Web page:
When you are doing this remember non-verbal cues as well. Let your body back up your statements. This will not only help you communicate better it will help you feel better. If you are being direct, standing tall, and making eye contact you are coming across as confident to other people and you are also telling your own subconscious that you are getting your confidence back. The more you can look confident, the more you will feel confident.
Here is a short checklist for giving the right non-verbal cues
- Stand straight and lift your head. Relax your shoulders and do not cross your arms across your body
- Breathe deeply and slowly
- Make eye contact. If you feel uncomfortable then concentrate on the forehead of the person you are talking to, they will not spot the difference.
- Listen to what is being said and give positive signals, such as nodding and saying yes I agree.
Dealing with negative thought patterns
We all have negative thoughts from time to time. If you have suffered a sexual assault then you are more likely to experience negative thoughts, and you can even find yourself falling into negative thought patterns. You may not even be aware of this, so here are a couple of things to keep an eye out for.
- Mindreading. Do not assume that you know what other people are thinking. Especially do not assume they know what has happened to you. Do not assume that other people’s demeanor is about you. One way of breaking this habit is to think about all the alternative explanations for someone’s behaviour.
- Catastrophising If something goes wrong to not assume that everything will go wrong. Do not assume that one bad thing is the start of a run of bad things. One way of breaking this habit is to think of all the times bad things have not happened when you feared they might. This can help put your sexual assault into context, It was an awful thing, and it will take time to recover. Yet many good things have happened to you as well. Spend some time everyday focusing on them.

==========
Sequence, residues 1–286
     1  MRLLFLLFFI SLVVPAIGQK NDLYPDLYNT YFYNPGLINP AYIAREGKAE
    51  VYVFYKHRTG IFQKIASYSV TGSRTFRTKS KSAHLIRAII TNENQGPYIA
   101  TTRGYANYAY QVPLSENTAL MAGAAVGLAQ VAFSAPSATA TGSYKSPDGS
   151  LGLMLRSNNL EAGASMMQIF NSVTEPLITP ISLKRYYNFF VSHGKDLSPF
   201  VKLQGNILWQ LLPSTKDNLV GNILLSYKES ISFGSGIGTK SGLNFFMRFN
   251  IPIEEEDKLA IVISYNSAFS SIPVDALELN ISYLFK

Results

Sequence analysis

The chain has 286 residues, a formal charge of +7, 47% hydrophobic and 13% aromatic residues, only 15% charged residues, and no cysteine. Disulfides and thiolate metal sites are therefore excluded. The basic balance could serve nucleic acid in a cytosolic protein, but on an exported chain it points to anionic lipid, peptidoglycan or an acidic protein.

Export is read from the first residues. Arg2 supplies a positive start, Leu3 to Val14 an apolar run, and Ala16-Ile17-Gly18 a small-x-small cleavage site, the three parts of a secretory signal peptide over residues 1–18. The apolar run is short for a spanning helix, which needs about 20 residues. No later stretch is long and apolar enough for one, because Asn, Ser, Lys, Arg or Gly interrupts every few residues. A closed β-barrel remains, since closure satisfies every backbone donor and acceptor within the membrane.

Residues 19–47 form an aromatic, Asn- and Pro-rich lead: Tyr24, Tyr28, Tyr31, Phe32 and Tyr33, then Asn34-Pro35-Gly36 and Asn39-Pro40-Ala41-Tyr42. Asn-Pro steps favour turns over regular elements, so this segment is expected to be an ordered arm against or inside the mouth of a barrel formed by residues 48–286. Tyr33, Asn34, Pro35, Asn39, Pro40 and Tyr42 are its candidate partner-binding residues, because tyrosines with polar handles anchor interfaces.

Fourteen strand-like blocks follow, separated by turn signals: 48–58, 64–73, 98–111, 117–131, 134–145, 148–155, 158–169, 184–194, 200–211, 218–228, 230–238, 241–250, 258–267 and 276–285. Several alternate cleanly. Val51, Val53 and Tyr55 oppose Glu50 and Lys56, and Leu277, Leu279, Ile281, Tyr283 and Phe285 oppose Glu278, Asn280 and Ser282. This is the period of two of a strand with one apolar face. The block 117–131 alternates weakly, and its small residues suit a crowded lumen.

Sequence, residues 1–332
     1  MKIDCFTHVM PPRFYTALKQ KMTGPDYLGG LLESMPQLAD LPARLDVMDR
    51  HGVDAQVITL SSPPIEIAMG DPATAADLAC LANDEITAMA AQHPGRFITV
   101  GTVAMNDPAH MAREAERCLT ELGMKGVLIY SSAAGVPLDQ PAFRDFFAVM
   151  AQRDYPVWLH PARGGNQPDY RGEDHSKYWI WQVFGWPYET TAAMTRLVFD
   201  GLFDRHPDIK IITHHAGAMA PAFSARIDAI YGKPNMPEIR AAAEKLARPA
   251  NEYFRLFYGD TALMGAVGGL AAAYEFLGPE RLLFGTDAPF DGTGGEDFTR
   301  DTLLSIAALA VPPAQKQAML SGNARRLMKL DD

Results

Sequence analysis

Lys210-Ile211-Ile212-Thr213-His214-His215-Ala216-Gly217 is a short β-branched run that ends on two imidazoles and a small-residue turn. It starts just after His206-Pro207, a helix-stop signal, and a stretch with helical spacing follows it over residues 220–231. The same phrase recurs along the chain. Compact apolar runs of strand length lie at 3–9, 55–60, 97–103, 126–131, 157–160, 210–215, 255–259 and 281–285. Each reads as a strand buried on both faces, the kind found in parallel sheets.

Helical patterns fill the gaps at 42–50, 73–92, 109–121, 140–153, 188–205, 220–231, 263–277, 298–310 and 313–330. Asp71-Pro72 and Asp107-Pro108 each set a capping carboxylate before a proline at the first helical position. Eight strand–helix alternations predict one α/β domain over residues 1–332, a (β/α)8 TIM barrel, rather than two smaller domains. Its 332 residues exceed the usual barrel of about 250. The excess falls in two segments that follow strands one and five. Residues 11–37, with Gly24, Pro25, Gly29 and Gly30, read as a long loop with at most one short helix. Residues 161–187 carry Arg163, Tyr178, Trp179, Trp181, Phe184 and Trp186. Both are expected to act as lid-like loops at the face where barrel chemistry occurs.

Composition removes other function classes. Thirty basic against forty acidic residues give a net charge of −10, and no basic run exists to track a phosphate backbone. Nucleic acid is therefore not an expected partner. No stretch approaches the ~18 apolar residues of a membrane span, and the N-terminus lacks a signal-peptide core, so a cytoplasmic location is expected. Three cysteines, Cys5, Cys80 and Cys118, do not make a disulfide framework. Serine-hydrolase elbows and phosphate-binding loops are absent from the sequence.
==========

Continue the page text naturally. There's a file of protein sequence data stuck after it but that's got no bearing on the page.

- Mental filtering. It can be very easy to concentrate on the negative and downplay what is good, or good interpretations if you are still traumatised by a negative sexual experience. Take some time after a social event to add up what was good and what was not. Then spend some time concentrating on the more enjoyable aspects. This is a great exercise for the mind.
Your own safety
If you have suffered a sexual assault then your safety had been compromised. I hope you have at least one good friend or family member who you can talk to. Or you can phone a rape crisis helpline. In either case, make a clear plan to keep yourself safe if you are venturing out again. This will make you feel that you are taking back control of your life which is a great step towards recovery.
Remember what you like
I often speak to my clients about what they like to do, what social situations they most enjoy, what their idea of a fun day out is. When people have been sexually assaulted they can find it difficult to remember what they used to like doing. I know that getting people to talk about their preferences is a big help. Not only does it help to recall more positive times, but it will also get you back into more positive mental habits.
I hope you find some of these tips a support as you recover. I would encourage you to also see a professional like myself. This can put you on the road to pushing the bad experience into history and rebuilding your resilience and self-esteem. Give me a call if you want to know more. And have the good Christmas which you deserve.